Marvel’s Original Sin limited series Hulk vs Iron Man has a simple premise: Tony Stark was paid $500,000 (Stark’s Daily Rate) and 2 Bottles of 25 year-old Scotch to conduct a “supervisory examination” of Bruce Banner’s Gamma Bomb to make it more lethal. Because of Stark’s interference, the bomb turned Bruce Banner into the Hulk (plus Rick Jones going into the test area which arguably was a superseding event).
As one can imagine, finding this out rather upset Bruce Banner. And you do not like him when he is angry. However, instead of calling his lawyer cousin Jennifer, he plotted revenge on Tony Stark.
Tony Stark’s sabotage of the bomb creates a huge issue of proximate cause on whether he (and General Ross) are responsible for creating the Hulk and thus enough damage costs to bankrupt Tony Stark.
“Proximate cause” is an act that is “legally sufficient to result in liability.” Black’s Law Dictionary App, 9th Edition. The cause must directly produce an event and would not have occurred “but for” that event. Id. Legal responsibility cannot exist in the air and “must be limited to those causes which are so closely connected with the result and of such significance that the law is justified in imposing liability.” Id., citing W. Page Keeton et al., Prosser and Keeton on Torts § 41, at 264 (5th ed. 1984).
One element of establishing liability is whether or not the harm was foreseeable. In a case where a plaintiff walked through a Navy test bombing range that was open to the public when not in use, found an unexploded bomb, took it home, struck it on the ground, which caused it to explode, the Court found liability against the Government. Duvall v. United States, 312 F. Supp. 625, 633 (E.D.N.C. 1970). The reasons for liability included that the Navy knew unexploded bombs could be carried off by those who walked through the area and a state law imposed a duty to control explosives from unauthorized possession (the case was brought under the Federal Tort Claims Act which is how the state claim was allowed against the Federal Government). Id. Moreover, New Mexico law imposes absolute liability for any damages proximately caused by explosives, which is where the Gamma Bomb was detonated. N.M. U.J.I. Civ. 13-1627.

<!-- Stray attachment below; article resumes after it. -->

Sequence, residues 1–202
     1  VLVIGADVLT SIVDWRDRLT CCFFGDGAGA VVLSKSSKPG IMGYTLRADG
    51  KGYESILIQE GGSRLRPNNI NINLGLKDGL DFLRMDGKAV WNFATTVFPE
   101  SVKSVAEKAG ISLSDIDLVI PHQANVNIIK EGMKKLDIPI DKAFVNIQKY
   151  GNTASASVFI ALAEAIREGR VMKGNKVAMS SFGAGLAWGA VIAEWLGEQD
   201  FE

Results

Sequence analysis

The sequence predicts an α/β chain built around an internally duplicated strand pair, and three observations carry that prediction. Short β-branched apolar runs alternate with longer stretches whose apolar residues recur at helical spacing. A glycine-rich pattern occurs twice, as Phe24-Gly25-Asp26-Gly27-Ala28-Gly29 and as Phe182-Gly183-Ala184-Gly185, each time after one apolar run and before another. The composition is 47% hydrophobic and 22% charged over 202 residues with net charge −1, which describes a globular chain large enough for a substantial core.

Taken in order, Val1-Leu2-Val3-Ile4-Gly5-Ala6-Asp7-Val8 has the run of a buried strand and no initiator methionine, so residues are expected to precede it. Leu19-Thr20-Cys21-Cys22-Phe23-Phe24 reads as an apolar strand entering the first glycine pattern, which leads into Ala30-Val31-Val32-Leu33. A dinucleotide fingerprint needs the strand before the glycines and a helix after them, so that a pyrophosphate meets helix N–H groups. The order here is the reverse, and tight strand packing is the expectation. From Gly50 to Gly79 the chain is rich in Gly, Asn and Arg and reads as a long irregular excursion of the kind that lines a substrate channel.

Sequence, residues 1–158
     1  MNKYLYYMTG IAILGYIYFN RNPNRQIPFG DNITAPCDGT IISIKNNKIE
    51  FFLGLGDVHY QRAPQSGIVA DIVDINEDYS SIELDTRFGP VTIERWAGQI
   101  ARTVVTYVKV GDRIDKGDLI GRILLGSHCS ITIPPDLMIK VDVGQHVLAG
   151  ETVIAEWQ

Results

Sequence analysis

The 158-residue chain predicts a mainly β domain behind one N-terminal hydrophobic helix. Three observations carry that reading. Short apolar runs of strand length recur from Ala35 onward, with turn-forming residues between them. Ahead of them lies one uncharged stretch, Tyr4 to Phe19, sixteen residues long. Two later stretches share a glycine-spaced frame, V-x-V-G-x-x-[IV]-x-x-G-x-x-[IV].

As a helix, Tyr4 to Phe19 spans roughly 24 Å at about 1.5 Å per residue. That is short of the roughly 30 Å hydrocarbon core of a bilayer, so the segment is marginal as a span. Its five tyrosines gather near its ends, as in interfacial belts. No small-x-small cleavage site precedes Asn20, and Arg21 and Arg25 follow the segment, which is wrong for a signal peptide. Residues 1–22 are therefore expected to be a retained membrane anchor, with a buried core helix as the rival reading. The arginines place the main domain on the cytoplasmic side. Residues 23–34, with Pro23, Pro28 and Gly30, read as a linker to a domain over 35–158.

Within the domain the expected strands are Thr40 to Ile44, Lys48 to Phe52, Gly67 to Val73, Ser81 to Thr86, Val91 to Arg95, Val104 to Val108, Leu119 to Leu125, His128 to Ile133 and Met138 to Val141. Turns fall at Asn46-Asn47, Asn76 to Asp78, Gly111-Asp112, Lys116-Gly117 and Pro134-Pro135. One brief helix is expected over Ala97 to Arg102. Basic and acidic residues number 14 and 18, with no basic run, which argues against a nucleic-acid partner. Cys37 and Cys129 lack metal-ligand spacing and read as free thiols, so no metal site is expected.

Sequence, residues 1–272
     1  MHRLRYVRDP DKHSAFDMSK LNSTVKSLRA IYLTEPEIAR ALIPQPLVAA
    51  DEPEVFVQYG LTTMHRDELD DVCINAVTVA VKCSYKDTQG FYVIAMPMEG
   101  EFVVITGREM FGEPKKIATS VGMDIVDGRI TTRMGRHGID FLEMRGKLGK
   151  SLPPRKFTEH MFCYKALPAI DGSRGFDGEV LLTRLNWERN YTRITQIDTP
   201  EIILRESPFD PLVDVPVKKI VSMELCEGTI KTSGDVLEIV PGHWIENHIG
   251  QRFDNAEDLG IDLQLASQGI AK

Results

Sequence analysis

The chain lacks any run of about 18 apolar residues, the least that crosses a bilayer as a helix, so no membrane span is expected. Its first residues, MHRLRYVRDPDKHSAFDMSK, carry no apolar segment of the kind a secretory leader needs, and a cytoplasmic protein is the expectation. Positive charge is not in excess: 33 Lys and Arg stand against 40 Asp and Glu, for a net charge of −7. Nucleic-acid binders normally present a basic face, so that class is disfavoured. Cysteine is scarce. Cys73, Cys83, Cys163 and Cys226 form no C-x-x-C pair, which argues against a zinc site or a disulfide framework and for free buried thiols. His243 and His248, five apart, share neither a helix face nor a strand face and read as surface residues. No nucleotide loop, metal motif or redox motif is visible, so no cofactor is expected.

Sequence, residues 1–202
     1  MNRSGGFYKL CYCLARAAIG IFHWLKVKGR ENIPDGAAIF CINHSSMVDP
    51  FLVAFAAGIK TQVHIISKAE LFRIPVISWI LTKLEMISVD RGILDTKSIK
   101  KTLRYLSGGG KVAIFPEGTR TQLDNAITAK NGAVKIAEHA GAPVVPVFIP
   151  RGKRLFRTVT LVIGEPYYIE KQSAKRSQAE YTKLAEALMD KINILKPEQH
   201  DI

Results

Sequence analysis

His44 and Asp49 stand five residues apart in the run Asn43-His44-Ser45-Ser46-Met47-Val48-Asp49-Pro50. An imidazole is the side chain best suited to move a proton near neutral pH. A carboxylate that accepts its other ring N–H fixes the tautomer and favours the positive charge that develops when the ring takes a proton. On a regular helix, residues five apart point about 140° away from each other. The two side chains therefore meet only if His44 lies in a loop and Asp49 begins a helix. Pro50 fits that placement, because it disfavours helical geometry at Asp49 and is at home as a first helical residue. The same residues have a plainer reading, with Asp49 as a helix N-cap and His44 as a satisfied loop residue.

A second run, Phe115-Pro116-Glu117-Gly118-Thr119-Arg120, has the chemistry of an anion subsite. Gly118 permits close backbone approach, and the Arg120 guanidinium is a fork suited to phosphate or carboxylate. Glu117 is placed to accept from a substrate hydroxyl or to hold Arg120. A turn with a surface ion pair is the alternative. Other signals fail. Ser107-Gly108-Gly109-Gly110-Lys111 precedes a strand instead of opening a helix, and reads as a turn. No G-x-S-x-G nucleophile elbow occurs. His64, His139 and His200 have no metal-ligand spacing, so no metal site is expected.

If Tony Stark, who acted as an independent contractor hired by General Ross for the the US Government, was the proximate cause for creating the Hulk, both Stark and the US Government could be responsible for Banner’s condition AND all the damage the Hulk had created. The issue would turn on whether or not the Gamma Bomb turning Banner into the “smashing” Hulk was foreseeable. As no one had ever turned into a rampaging grey, green, or red Hulk before from Gamma Radiation, it would be very difficult to argue that Banner’s transformation was reasonably foreseeable from altering the Gamma Bomb.
Bruce Banner was employed by the US Government to build a bomb. While Banner did not want to build a a “continent killer,” General Ross was very interested in Tony Stark’s claim the bomb could be more powerful. Establishing liability for the General retaining Stark to enhance the bomb could be problematic, based on the cases barring property owners from recovering damages against the Federal government for testing nuclear weapons. See, Bartholomae Corp. v. United States, 253 F.2d 716, 718 (9th Cir. Cal. 1957). Moreover, Stark was a $500,000 a day consultant and one of the best weapons designers in the world who did his job: make the bomb more lethal. Federal law would trump any possible state law claims for Tony Stark conducting the work he was hired to perform, barring any Federal statute allowing for claims to be brought against the Government for weapons testing.
However, since Stark’s work was done without Banner’s knowledge, and if Stark’s job was to sabotage the bomb instead of improving it, these facts may negate the nuclear bomb case precedents, because those were controlled tests. If the lead scientist does not know changes had been made, addition risk is created by those altering the bomb. The fact that testing a Gamma Bomb was already an ultra-dangerous activity, making changes in secret could impose absolute liability on Tony Stark and the United States Government.